Biometrics, or the measurement of physiological or behavioral characteristics for authentication or identification, has potential for enormous positive impact on such areas as law enforcement, data protection, counter-terrorism and border security.
Yet concerns about privacy have given some people pause. When considering biometrics, it’s important to understand the difference between anonymity and privacy – and why it matters.
“People sometimes confuse privacy and anonymity,” says John Mears, Senior Fellow, Homeland Security Solutions at Leidos. ‘Many don’t understand the difference, and the relationship of the two things to the concept of trust.” For Mears, being recognized in an encounter at a store or while walking down the street can be embarrassing in certain situations, especially if you can’t remember the other person’s name, but that’s the extent of it. “There’s no harm in somebody recognizing me,” he says. “My privacy hasn’t been invaded because I’m walking down the street or going to the store.”
In fact, privacy doesn’t require anonymity and anonymity doesn’t guarantee privacy. “For instance,” Mears says, “those robo-calls I get in the evenings sure feel like an invasion of privacy at dinner time, but I know they have no idea to whom they are speaking when – or if – I answer.” In this case, anonymity didn’t guarantee privacy. As a result, Mears says that he’s begun to screen calls based on caller-ID. “I’ve learned to mistrust caller IDs that I don’t recognize,” he says.
Which brings up another important point – the relationship between anonymity, privacy, and trust. “Knowing someone is necessary but not sufficient to trusting them,” Mears says. “I’ll take calls from people and companies I know and trust – unless they abuse that trust in some way.” Whether you decide to trust a person or a company or not depends fundamentally on being able to identify them and to associate their behavior with their identity uniquely. This is true not only for individuals, but also for companies or countries.
For instance, trusting a foreign national to enter into a country depends on biometrically identifying them, and associating past records about that person with that unique identity. We don’t necessarily know if the person is traveling under an assumed name or with a stolen passport, but the biometrics will reveal the truth. While biometric identification currently legally applies to foreign travelers crossing borders, Mears says that he’d like to see it apply to all travelers, including citizens. “I’d like some assurance that someone can’t steal my biometric-enabled ePassport and board a plane illegally with it, just because the thief claims he’s a citizen, and therefore exempt from verification.” Of course this brings us back to questions of privacy and anonymity and trust for the process. “Why should I trust someone I barely know on the other side of the world and not trust our own national travel security processes?” Mears asks. Especially when there are so many protections in place.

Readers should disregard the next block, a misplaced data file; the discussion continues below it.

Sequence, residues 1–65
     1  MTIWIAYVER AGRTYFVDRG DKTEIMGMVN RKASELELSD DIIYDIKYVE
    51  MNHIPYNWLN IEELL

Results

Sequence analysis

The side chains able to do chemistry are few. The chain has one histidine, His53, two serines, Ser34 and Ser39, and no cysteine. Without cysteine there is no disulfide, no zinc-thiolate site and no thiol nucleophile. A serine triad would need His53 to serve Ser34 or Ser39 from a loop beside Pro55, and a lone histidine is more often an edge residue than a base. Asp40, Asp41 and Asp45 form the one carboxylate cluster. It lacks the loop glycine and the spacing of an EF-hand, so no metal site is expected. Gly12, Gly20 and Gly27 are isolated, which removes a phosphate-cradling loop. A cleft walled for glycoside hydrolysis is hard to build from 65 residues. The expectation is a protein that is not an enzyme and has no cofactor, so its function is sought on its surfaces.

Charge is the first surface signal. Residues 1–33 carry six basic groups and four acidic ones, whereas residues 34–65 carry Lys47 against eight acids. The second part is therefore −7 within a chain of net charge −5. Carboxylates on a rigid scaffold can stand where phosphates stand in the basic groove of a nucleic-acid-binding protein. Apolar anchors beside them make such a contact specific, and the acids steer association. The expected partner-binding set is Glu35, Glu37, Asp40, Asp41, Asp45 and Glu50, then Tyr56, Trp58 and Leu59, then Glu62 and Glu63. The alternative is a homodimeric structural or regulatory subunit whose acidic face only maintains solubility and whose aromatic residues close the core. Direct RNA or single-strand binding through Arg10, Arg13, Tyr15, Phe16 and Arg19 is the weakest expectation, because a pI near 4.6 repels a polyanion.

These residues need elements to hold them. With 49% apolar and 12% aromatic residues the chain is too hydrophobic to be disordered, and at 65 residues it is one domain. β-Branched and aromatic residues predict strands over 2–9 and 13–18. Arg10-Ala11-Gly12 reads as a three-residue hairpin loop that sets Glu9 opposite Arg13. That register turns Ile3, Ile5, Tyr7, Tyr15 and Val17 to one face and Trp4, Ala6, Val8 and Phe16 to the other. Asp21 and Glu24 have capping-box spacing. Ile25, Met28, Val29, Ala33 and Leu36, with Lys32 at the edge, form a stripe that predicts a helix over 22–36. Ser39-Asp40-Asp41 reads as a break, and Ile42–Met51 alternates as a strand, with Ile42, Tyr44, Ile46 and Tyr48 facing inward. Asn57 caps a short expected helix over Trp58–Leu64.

“In the U.S., we have no less than 29 federal laws covering protections of various aspects and definitions of privacy,” says Mears. “There is no guarantee of anonymity in any of our laws.” In the case of biometrics, the loss of anonymity itself isn’t harmful; it’s what happens when someone is identified that counts. For identified bad people, we want protection for the rest of society. For innocent people, we want protection from fraud and unnecessary invasions of privacy. Strong identity helps sort them out in either case. “Strong identity concepts, pervasively implemented, are keys to a high-functioning society.”
Whether you are a government or a company, how do you maintain the public’s trust when implementing strong identity practices that include biometrics? At the highest level, the answer to this question revolves around communications, being transparent about identity policies, and periodically verifying adherance to those policies. In the case of the government, agencies involved in identity verification practices publish privacy impact assessments, which are publicly available. Companies aren’t subject to such regulations, so the International Biometrics and Identity Association, as well as the Biometrics Institute and the Security Industry Association have published recommended best practices for trustworthy companies. Generally they state that organizations should provide notice of when and where biometrics are being used and for what purpose, and be transparent with their customers or users in defining what is collected and for how long it can be stored, and on whether information can be shared and with whom. With the right transparent policies in place, rigorous biometrically-verified identity can be both beneficial to society, as well as preserving of privacy and trust.
Stuart Andrews has been writing about technology and enterprise IT for 20+ years, writing for many of the UK’s best-known newspapers, magazines, and websites.